Why Distance Education Matters
As AU students, you’re all aware of the various reasons why good distance learning institutions are useful, if not vital to the education of Canadians. But now the federal government has statistics of its own (http://www.statcan.ca/Daily/English/030604/d030604b.htm) to reference. Statistics Canada, following up on an earlier study about how distance affects post-secondary attendance, have now released statistics on how distance from an institution affects children of upper, middle, and lower income families.
To make a long story short, distance from a post-secondary institution has a significant effect on the percentages of students going on to post-secondary if they come from a low or middle income family. Students from lower income families were less likely to attend any post-secondary education at all, but those not in proximity were far less likely to attend than their closer counterparts. On the other hand, there was only a marginal difference among the students from families with higher levels of income.
What this means is that in order to promote access to education we have to do one of two things – build more institutions in general, or ensure that our distance education systems are well recognized and affordable. The latest Alberta Government budget and new post-secondary act seem to show that the Provincial Government of Alberta is moving in almost the opposite direction.
With a total funding increase to Athabasca University being less than inflation over the same period, and with Athabasca University being exempted from recognition in the new Bill 43 it seems that Premier Klein is very happy to squander the Alberta Advantage of a well-educated work force, in order to continually ensure that his budgets have amazing surplus numbers he can parade to the voters come election time.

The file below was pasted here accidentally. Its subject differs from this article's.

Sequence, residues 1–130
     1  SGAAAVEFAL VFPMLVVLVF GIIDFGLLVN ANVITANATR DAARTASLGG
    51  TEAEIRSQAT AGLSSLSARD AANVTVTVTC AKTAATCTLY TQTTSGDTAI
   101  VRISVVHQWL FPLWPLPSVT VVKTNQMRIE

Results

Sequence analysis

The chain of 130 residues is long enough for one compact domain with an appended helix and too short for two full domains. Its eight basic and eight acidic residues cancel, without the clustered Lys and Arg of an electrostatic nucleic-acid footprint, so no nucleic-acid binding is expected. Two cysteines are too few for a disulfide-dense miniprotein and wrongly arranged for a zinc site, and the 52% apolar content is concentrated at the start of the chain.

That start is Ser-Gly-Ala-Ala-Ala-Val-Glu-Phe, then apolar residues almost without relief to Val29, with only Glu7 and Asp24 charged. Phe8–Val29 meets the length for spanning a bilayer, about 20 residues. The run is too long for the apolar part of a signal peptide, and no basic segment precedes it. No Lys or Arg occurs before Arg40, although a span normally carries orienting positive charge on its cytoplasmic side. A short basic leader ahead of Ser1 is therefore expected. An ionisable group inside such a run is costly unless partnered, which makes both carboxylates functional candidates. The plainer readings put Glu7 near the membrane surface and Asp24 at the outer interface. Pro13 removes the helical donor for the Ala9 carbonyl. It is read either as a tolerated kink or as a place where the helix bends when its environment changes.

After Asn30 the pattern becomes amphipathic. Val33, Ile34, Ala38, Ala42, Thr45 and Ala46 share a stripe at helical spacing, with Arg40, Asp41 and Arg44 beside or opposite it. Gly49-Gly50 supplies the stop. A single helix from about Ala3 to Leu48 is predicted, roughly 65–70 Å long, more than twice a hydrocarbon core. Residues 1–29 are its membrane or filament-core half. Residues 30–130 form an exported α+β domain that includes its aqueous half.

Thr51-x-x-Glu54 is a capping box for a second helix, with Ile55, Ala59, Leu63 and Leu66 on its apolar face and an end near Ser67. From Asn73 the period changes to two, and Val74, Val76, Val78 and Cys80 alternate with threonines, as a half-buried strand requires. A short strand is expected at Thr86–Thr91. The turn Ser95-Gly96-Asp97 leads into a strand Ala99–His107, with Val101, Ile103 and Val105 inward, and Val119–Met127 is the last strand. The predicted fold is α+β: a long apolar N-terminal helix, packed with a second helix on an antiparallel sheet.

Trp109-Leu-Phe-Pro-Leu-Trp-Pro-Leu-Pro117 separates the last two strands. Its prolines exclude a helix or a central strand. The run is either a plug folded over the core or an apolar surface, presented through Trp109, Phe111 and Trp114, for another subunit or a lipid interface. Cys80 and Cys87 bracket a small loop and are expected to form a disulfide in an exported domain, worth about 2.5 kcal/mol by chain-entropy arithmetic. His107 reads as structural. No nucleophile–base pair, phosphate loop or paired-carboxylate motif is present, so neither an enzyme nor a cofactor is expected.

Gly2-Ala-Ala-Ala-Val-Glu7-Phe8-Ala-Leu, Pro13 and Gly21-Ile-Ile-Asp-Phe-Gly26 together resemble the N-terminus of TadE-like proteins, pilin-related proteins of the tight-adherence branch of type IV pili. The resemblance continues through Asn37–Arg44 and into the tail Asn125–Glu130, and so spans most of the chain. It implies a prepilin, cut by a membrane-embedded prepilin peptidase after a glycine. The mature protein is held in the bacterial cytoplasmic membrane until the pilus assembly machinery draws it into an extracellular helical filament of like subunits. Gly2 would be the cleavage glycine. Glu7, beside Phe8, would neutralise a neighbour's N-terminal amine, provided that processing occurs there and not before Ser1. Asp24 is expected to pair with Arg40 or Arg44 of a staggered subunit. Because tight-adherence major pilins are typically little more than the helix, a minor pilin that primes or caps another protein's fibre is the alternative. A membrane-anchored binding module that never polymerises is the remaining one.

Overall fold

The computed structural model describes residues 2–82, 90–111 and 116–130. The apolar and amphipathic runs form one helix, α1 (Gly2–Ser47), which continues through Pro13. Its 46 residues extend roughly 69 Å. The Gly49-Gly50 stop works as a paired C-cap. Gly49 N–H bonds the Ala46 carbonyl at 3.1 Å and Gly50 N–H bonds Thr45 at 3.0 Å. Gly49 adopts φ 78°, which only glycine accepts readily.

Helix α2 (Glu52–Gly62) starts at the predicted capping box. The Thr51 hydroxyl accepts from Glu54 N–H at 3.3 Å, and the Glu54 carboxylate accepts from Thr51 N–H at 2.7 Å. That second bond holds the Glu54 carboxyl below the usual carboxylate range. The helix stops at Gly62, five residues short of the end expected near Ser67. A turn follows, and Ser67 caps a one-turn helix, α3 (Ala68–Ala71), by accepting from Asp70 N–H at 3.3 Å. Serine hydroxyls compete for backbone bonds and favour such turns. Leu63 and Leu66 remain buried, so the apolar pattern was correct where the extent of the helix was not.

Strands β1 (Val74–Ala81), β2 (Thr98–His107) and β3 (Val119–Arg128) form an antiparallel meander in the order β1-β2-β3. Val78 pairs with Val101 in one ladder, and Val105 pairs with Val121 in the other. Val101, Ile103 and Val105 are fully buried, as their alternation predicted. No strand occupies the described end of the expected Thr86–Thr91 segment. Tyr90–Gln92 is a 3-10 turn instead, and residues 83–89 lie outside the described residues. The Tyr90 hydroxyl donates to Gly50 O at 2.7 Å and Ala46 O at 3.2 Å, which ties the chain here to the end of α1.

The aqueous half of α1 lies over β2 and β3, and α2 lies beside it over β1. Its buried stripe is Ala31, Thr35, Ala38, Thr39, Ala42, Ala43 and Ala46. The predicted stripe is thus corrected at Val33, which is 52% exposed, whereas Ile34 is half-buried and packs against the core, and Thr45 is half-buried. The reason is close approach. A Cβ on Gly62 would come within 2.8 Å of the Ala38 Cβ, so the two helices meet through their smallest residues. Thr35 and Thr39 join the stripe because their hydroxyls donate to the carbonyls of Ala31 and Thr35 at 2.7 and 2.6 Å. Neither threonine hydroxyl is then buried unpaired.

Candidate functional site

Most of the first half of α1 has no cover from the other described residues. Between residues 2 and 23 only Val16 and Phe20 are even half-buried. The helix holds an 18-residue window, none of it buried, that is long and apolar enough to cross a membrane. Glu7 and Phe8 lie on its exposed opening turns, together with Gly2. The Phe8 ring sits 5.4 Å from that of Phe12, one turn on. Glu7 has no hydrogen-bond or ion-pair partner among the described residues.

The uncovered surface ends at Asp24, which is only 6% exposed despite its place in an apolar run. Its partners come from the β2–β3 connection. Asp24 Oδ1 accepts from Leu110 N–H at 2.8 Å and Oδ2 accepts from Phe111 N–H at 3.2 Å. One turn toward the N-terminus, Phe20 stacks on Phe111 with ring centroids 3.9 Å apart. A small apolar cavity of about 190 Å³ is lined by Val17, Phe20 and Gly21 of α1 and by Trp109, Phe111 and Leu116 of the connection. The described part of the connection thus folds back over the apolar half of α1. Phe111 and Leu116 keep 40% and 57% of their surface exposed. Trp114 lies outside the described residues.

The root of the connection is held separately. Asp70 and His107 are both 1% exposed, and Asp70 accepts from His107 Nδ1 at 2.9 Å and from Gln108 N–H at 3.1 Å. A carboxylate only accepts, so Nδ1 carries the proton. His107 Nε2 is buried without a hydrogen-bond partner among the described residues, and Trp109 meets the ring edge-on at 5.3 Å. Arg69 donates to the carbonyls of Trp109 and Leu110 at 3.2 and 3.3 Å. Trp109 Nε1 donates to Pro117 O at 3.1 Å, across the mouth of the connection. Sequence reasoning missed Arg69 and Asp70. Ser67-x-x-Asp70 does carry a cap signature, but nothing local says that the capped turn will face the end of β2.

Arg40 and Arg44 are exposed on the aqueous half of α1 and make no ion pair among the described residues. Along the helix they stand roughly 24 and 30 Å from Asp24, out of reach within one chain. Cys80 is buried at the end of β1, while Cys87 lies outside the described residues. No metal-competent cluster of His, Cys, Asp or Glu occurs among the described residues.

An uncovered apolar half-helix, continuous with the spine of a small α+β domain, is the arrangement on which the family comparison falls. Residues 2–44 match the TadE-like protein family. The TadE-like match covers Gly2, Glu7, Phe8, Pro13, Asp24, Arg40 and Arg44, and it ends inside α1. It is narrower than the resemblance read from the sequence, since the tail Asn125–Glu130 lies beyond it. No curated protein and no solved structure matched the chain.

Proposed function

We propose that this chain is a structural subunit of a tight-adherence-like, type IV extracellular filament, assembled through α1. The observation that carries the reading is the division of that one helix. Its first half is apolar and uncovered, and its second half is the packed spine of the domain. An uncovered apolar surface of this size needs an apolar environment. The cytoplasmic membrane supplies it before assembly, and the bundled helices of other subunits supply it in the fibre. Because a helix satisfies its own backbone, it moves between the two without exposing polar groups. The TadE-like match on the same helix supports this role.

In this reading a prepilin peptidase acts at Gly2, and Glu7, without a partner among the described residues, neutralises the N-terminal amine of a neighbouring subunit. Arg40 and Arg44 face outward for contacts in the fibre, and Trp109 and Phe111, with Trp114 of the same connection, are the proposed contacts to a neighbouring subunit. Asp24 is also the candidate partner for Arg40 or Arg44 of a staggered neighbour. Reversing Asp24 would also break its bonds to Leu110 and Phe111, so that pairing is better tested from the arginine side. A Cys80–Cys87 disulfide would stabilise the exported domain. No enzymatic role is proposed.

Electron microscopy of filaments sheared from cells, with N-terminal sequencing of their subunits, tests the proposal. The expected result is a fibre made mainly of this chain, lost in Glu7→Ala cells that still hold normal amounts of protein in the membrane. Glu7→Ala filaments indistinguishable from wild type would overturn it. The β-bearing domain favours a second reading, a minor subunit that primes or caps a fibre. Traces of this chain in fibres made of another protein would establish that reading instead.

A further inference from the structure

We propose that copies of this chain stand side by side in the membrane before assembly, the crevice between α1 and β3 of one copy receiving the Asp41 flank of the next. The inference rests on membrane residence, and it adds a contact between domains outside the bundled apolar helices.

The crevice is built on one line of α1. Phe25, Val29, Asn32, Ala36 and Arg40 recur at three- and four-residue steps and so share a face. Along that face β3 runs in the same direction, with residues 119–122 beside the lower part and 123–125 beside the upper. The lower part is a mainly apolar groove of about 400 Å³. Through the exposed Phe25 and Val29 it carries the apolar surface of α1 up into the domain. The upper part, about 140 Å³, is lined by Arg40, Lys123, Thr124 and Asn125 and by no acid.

Ontario Legislates Non-Contracted Work
The Ontario Provincial Government has gone ahead with its proposed legislation (http://ogov.newswire.ca/ontario/GPOE/2003/06/03/c8956.html?lmatch=&lang=_e.html) that not only forces teachers back to work, but also requires them to do work not specified in their contracts. I am hoping and expecting the teachers union to challenge this legislation in the courts, for the simple reason that allowing this type of legislation is akin to allowing conscription or legislated slavery.
Since this legislation only affects the teachers, and then only forces them to do things that seem perfectly reasonable, such as putting comments on report cards, and meeting with the parents on parent-teacher nights, people will probably not really care. But really, is there much difference from this and from legislating that nurses must be always be on call and cannot refuse extra shifts? Or that police men must do presentations to school children after their shifts? Or perhaps combine services – make a law that has the police picking up people’s garbage in addition to their normal duties. They are travelling all over the city anyway, we could fire the garbage men and save money doing this.
What it boils down to is that if the government feels that certain duties are necessarily the responsibility of teachers, it should be willing to put its money where its mouth is and include these duties in the contracts. Passing a law that forbids “work-to-rule” actions, or in other words, requires working beyond the agreement you and your employer arranged, is simply wrong. It’s an abuse of legislative powers and I can only hope that the Ontario voters remember this come the next election.